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An Unconventional Brotherhood: Union Support for Liberalized Immigration in Europe
By Julie R. Watts
Published 2000, 64 pages, paperback
Julie Watts’s research has turned conventional wisdom—that organized labor opposes immigration for fear that foreign workers will undercut the wages and working conditions of native workers—on its head. Her examination of labor unions in Italy, Spain, and France reveals that labor leaders actually prefer more open immigration policies. In an era of globalization, restrictive immigration policies that were originally designed to protect native workers can now produce the opposite result.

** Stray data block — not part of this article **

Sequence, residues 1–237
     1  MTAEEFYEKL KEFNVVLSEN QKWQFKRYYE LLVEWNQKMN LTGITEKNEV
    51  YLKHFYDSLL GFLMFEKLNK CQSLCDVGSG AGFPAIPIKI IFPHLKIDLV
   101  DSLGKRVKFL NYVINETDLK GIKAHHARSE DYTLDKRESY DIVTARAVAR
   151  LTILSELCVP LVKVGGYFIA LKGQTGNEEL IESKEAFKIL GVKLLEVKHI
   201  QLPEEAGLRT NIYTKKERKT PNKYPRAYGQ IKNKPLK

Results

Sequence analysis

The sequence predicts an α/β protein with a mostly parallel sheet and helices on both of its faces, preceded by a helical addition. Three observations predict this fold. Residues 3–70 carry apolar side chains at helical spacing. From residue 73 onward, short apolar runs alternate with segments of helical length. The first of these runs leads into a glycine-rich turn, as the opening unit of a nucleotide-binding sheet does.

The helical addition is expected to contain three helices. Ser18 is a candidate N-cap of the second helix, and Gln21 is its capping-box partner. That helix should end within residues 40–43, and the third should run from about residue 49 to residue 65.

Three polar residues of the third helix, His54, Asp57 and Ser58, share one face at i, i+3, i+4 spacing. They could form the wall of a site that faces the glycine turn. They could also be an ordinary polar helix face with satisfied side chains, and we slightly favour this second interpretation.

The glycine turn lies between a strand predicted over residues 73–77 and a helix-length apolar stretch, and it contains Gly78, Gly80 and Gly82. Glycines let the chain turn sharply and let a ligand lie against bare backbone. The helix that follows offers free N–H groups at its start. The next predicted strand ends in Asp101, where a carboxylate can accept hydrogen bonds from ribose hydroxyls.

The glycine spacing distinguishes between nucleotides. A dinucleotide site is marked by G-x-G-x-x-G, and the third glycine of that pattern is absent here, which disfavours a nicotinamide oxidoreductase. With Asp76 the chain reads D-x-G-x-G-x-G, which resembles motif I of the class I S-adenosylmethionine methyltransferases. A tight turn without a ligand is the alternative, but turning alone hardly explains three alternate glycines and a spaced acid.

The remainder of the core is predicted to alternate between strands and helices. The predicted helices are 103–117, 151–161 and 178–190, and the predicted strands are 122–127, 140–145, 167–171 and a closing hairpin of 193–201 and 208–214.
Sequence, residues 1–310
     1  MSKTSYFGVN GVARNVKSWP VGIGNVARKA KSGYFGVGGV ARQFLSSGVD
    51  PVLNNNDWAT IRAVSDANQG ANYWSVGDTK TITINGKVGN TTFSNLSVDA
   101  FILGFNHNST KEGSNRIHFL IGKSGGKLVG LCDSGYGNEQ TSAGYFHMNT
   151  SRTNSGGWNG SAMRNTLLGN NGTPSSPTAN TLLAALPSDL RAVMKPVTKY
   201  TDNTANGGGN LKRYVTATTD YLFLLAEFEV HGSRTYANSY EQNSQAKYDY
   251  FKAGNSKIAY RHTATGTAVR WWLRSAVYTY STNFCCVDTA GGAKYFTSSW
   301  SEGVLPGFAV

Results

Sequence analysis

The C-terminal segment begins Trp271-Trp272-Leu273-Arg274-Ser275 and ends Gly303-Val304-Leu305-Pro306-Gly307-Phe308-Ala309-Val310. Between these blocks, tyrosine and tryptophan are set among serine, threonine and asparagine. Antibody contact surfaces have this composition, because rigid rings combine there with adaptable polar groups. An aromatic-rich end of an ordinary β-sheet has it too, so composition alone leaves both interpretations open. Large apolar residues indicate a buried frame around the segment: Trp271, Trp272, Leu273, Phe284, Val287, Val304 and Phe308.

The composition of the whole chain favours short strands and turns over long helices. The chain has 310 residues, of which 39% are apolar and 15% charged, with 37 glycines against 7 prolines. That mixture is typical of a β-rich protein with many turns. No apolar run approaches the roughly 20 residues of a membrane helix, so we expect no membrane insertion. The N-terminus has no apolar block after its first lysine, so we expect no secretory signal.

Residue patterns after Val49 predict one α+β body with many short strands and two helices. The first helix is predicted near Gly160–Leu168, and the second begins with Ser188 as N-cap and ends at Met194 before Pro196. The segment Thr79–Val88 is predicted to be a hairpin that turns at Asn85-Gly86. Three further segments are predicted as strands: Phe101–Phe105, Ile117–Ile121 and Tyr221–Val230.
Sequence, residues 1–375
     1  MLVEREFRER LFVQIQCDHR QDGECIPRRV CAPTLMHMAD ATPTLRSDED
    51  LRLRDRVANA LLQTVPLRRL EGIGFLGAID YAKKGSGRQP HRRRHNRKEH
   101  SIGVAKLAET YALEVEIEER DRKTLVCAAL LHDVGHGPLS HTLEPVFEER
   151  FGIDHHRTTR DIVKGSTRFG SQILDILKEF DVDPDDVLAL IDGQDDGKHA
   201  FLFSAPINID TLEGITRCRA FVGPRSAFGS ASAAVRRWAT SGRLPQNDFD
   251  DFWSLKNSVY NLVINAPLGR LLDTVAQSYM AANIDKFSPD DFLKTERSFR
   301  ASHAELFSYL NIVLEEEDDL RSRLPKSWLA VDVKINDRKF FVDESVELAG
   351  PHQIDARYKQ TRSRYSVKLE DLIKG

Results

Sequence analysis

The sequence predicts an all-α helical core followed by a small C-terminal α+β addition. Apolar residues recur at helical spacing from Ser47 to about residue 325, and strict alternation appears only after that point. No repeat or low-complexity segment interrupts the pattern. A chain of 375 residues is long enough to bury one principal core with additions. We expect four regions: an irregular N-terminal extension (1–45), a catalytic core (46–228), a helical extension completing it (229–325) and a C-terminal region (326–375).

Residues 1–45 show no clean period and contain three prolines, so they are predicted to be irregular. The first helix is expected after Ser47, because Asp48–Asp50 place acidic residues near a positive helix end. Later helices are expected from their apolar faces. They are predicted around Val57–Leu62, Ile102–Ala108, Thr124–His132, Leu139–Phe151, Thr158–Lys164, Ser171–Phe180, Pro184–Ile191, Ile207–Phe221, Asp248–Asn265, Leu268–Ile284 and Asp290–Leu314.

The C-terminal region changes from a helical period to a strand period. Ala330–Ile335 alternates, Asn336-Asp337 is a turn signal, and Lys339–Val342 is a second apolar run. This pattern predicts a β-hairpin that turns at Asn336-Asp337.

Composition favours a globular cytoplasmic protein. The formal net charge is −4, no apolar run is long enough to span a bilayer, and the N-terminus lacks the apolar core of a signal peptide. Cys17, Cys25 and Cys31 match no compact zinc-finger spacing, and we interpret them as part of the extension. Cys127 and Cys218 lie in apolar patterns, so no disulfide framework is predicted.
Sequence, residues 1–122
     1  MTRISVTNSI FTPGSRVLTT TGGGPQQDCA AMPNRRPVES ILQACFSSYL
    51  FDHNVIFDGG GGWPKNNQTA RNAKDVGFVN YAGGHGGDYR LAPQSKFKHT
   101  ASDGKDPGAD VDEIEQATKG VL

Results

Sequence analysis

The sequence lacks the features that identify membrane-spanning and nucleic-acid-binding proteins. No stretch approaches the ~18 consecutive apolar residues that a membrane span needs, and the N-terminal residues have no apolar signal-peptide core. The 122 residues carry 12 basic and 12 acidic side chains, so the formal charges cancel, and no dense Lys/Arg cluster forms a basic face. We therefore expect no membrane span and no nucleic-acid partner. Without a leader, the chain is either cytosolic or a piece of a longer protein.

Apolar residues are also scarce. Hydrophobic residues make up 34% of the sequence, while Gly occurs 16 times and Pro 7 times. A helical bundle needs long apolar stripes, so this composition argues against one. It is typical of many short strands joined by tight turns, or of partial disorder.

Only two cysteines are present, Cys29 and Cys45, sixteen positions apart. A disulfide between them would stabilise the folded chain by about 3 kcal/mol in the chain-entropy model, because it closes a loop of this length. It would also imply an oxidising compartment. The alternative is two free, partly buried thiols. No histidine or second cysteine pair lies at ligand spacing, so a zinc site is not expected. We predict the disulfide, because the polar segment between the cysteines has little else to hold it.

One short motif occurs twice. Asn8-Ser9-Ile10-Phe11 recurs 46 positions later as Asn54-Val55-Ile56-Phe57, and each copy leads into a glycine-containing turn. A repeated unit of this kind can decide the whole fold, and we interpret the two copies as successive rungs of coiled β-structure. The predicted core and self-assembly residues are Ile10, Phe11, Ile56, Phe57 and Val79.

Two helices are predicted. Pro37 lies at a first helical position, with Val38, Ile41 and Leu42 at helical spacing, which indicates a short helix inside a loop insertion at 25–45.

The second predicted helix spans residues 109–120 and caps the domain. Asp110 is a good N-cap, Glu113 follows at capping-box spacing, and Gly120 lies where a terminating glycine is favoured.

Paradoxically, by forcing immigrants into a precarious legal and economic position, such policies can undercut the improvements in wages and working conditions that native workers were able to achieve as a consequence of shutting out foreign workers. Unions’ growing support for more liberalized immigration policies have brought labor leaders into the political arena, where they engage in a variety of activities to influence their nations’ policy making on immigration. In some cases, organized labor has also moved to provide essential support services to immigrants that their governments are unwilling or unable to provide. Watts’s study has broad implications for labor-importing countries around the world, including the United States, where the labor movement is actively reassessing its positions on immigration control and amnesty for undocumented immigrants.